Murdered girl failed by social services due to high thresholds

Tia Rigg, a 12-year-old murdered in Manchester, was failed by Salford social services in part because child protection thresholds in the council were too high, according to a serious case review.

Tia was 12 when John Madon, 38, brought her to his home on the pretence of wanting her to babysit his daughter. Madon killed Tia and then phoned police to tell them he had done so. Tia had been the subject of a child protection plan in a number of local authorities and had suffered abuse and neglect.

“There were indications throughout this SCR that thresholds for robust child protection interventions were too high and that decision-making about levels of risk was poor,” the report said.

The case exhibited a number of similar issues that have also emerged from Community Care’s survey of frontline workers about child protection thresholds. In the survey social workers warned they are being forced by managers to take high risk decisions about children at significant risk of harm because of ongoing budget cuts.

There is no evidence that budgets were a factor within the Rigg case but the SCR criticised social workers who moved Tia back in with her mother – despite little change in her behaviour – following a conflict between the child and the extended family who were looking after her while her mother was undergoing drug treatment. The move was supposed to be a temporary emergency measure, but became permanent.

Social workers have told Community Care’s survey that managers are forcing the return of children in care to birth parents despite little change in the assessment of risk, because of the need to reduce the cost of the numbers of children in care.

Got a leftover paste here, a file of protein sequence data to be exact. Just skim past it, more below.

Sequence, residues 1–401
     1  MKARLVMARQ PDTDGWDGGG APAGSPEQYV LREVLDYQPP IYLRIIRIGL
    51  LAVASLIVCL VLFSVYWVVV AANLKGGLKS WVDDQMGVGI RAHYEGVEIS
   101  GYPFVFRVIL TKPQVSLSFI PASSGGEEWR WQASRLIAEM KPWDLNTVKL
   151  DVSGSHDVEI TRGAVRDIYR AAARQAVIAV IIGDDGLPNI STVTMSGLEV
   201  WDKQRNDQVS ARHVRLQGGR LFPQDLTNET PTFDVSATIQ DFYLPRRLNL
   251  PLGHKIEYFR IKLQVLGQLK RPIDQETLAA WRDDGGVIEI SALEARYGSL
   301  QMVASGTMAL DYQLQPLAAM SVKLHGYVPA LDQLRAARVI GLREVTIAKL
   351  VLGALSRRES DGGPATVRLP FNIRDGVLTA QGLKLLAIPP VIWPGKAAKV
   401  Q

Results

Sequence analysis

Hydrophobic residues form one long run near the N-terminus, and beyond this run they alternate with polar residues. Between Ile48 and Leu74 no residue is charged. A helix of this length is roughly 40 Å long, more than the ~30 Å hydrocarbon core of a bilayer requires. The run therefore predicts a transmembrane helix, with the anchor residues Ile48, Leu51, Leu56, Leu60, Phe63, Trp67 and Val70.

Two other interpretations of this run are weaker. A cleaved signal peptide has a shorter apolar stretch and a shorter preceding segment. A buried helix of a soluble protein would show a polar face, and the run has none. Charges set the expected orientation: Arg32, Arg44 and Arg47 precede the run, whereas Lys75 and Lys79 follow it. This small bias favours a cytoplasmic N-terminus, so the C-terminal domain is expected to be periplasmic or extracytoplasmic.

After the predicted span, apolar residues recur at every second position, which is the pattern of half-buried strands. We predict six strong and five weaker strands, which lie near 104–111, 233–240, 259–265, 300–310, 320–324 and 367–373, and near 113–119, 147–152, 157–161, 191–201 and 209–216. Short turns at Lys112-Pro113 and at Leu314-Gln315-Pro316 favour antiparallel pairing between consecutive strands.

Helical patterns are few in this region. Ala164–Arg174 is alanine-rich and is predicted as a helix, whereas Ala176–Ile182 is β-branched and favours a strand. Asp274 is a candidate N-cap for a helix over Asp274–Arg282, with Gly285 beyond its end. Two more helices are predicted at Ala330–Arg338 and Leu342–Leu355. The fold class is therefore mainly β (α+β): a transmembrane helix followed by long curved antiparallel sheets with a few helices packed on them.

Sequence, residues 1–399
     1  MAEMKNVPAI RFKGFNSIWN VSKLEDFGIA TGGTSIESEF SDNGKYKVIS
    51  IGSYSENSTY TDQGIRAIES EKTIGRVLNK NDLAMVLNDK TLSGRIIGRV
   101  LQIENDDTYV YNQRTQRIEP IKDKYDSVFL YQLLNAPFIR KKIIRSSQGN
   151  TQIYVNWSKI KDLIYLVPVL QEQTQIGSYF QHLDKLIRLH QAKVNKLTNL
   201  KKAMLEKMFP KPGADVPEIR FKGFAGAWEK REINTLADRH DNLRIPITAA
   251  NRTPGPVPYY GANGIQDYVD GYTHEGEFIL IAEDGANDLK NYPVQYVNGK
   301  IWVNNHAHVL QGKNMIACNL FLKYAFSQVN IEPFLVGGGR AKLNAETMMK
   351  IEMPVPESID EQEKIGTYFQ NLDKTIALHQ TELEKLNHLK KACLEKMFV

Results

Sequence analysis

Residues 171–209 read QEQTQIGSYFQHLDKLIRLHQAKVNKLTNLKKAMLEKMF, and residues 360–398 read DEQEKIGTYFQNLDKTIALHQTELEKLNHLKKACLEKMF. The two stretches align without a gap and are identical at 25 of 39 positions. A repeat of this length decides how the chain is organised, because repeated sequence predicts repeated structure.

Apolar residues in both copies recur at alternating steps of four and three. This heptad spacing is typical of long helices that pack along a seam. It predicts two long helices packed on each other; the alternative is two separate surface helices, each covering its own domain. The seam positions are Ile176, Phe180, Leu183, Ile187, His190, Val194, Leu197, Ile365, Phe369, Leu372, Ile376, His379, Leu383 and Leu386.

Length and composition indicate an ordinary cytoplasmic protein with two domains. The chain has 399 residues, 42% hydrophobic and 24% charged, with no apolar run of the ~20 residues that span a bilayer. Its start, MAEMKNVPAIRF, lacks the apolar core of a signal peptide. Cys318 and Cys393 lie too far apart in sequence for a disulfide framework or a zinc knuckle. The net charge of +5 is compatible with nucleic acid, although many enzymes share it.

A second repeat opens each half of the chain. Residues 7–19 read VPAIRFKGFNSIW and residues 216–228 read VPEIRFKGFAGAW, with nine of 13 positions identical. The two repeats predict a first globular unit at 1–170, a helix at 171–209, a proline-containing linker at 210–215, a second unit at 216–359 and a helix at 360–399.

The review stated: “In particular, the decision to allow Child H and her siblings to return to their mother’s care in 2008 and 2009 was not based on any firm evidence that there had been a substantial change in Adult A’s capacity to care for the children. Similarly, the decision to discontinue the Child Protection plans in May 2009 was based on the false premise that Adult A’s parenting had improved and that she was cooperating with plans. There was also a failure by agencies to challenge these overoptimistic plans.”

The review concluded that Tia’s murder could not have been foreseen by social workers or the child’s family, but that the ongoing harm Tia suffered before she died could have been prevented.

It has recommended that the local safeguarding children board review thresholds adopted by agencies for child protection interventions, including those used in strategy meetings. An audit of threshold activity should be reported to the LSCB and any remedial action required should be prioritised.

The SCR also flagged up that services also had no knowledge of the presence of Madon in Tia’s life – only the GP who submitted evidence to the review was aware of Madon’s existence.

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